Diversity in American Theater
From Catch Phrase to Meaningful Change
There has been much talk in recent years about the lack of "diversity" in American theater. This four part series is meant to redefine the conversation in a way that will move us past the buzz words and move us closer to meaningful change and actual inclusion.
Diversity—It’s a Noun
Three years ago the TCG conference was held in my city, Sweet Home Chicago. This was very exciting because since it was in Chicago, my theater company MPAACT (Ma’at Production Association of Afrikan Centered Theatre) could afford to send me and my literary manager to the conference. It was our first time and I was very excited. For the first time in my life I was going to spend three entire days with hundreds of theater artists from across the nation and a few from across the pond discussing theater stuff. I truly believed that this conference was going to be the most awesome thing that ever happened to me. Well…
I can’t remember the exact theme of the conference, but the first plenary I attended on the first full day of the conference was around the topic of “diversity” in American theater. Now let me stop here and get transparent with you. I was suspicious of this plenary because of the subject. See, I cannot stand the word “diversity.” It makes me uncomfortable because I know what it has become code for. Anyway, for the first thirty minutes or so of this plenary, there were several accomplished men and women of color sharing some of their experiences with diversity, or the lack thereof, in the theater community. The conversation from the panel quickly became a call to action to the executive and artistic directors in the room to make the American theater landscape match the general population in cultural and gender representations. Then it happened. A middle-aged white man from a theater company in Minnesota stood to speak. He said that he would love to put more “…blacks on stage” but he knows that that would mean that he would lose his audience base because they wouldn’t be able to “…identify with those types of stories.” Hmmm…in that moment it became painfully clear to me that there is a fundamental misunderstanding of what it means to add cultural and gender specificity to America’s theatrical landscape. People are bandying about the word “diversity” without having a real understanding of what the word means. Without a true understanding of the word, we certainly cannot move to a place of honest dialogue, and without honest dialogue we will not achieve real change.
So let’s start with defining the word “diversity.” Dictionary.com offers the following:
di·ver·si·ty [dih-vur-si-tee, dahy-] noun, plural di·ver·si·ties.
1. The state or fact of being diverse; difference; unlikeness: diversity of opinion.
2. Variety; multiformity.
3. A point of difference.
I find a few things notable in this definition. The first is that diversity is defined as a noun and not a verb. This means that it is a state of being and not something you do. Hence one cannot perform diversity. This definition suggests that to simply do things that we think seem diverse (i.e., color blind casting) isn’t enough. The definition suggests that to achieve diversity, you have to accept difference as the rule and not the exception. Diversity has become code for throwing cultural and gender difference at a white wall and hoping that the differences stick, but being OK when some or all of them simply slide to the floor.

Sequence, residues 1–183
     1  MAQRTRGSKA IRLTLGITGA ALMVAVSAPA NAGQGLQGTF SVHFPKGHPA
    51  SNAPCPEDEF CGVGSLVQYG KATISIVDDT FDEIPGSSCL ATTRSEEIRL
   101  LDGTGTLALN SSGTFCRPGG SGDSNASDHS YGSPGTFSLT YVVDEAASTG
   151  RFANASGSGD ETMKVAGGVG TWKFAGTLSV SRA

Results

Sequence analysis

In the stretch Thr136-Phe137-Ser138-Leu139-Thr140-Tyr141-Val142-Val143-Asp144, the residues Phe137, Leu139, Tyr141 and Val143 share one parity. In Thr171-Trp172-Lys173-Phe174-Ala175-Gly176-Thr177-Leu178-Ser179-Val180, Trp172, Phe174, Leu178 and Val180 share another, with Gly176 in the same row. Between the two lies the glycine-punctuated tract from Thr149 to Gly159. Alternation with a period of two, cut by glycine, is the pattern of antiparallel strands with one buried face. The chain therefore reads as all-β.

The first is that diversity is defined as a noun and not a verb. This means that it is a state of being and not something you do. Hence one cannot perform diversity.
Per the aforementioned definition, diversity at its core means that there are a variety of things that make up a whole that have different shapes, forms, and kinds. So I think it is safe to say that a state of being diverse can only be achieved if there is variety. We have attempted to achieve diversity by keeping most things in American theater culturally homogenous and adding a dash of difference. But the definition of the word diversity lets us know that this type of thinking is topsy-turvy.
Then there is this third part of the definition, “a point of difference.” A “point” is defined in its second definition as, “a projecting part of anything.” From this one can infer that diversity is the center, the focal point, from which difference and variety project. We have attempted to introduce diversity into the American theater landscape without diversifying the centers of artistic decision-making (producers, artistic directors, board of directors, etc.) in our theatrical institutions. How can we project difference into the entire theatrical experience when the points are culturally homogenous?
Since that experience three years ago, I have been at the center of many of these conversations about diversity. But I believe that none of these conversations will bear the fruit of change until we all embrace the state of being diverse and stop acting out diversity.